Astronomers Discovered Most Distant Ordinary Star Ever That’s 9 Billion Light Years away from Earth

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Astronomers discovered most distant ordinary star ever existed, which is located at nearly nine billion light years away from the planet Earth, during the observation of the unique cosmic alignment, using Hubble Space Telescope.

The newly found most distant star which is named as ‘Icarus’ is referred by scientists as the ‘blue supergiant’, while the official title of the star is ‘MACS J1149+2223 Lensed Star 1’. the discovery of the star became possible because of the fortunate alignment of the huge galactic cluster, which buckled the light coming from the star, turning it towards the Earth at the same time when the star was amplifying by 2,000 times.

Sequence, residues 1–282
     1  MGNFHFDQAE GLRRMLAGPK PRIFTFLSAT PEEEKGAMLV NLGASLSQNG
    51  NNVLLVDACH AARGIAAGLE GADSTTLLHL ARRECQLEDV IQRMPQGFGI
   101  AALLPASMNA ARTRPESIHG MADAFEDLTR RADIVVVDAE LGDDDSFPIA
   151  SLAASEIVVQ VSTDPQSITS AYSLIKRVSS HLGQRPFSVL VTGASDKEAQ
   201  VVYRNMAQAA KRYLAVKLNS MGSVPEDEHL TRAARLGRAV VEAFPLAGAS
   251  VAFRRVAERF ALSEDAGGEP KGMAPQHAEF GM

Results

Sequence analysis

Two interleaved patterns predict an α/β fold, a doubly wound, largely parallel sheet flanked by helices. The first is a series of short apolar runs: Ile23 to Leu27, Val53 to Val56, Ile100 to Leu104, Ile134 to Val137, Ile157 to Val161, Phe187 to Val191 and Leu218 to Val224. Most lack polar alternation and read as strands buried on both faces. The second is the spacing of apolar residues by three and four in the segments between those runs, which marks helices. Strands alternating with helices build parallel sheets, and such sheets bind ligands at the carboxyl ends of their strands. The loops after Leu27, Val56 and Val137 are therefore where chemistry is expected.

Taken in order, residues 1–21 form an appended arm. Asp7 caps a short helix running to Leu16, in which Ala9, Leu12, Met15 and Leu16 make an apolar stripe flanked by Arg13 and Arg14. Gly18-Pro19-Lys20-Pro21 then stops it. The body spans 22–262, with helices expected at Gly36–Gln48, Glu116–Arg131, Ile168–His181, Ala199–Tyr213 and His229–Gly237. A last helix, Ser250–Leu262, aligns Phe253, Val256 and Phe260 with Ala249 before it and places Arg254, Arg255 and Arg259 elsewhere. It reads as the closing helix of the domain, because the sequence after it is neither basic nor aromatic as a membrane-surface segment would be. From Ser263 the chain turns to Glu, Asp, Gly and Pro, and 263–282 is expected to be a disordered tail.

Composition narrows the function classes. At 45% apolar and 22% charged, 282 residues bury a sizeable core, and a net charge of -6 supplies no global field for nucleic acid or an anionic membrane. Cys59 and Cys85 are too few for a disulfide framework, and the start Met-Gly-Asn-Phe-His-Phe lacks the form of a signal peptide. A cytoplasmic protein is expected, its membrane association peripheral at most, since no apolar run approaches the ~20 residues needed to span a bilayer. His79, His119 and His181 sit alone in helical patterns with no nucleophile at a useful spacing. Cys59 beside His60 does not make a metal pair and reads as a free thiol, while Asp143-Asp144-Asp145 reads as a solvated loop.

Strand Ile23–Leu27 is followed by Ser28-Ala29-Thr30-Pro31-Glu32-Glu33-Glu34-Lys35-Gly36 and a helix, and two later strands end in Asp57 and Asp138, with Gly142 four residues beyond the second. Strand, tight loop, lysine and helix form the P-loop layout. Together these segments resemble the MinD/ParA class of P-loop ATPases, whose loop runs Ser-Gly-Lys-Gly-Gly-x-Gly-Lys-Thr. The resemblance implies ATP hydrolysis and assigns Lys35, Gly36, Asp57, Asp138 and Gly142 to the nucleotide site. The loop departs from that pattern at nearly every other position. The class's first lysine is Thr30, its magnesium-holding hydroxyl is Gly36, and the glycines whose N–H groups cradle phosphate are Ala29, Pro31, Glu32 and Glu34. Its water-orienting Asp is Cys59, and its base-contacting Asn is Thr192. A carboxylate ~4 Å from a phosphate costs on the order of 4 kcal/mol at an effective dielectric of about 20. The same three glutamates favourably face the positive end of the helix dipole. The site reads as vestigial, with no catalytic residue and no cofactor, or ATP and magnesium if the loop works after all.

Head of the research team that discovered the star and astrophysicist from the University of Minnesota, Dr. Patrick Kelly said while describing the evidences of the new study that, “In May of 2016, however, a star in the MACS J1149+2223 galaxy cluster also temporarily became aligned and it had the effect of boosting the magnification of Icarus to 2,000 times. They effectively worked together — the cluster actually makes the star in the cluster act like a much more powerful lens.”

Berkeley News reported that the California University researchers have revealed the most distant star Icarus with help of method known as gravitational lensing. Scientists from the university disclosed their research findings in the issue of Nature Astronomy journal on April 2, 2018.

“There are alignments like this all over the place as background stars or stars in lensing galaxies move around, offering the possibility of studying very distant stars dating from the early universe”, said one of the study authors, Alex Filippenko from UC Berkeley, “just as we have been using gravitational lensing to study distant galaxies.”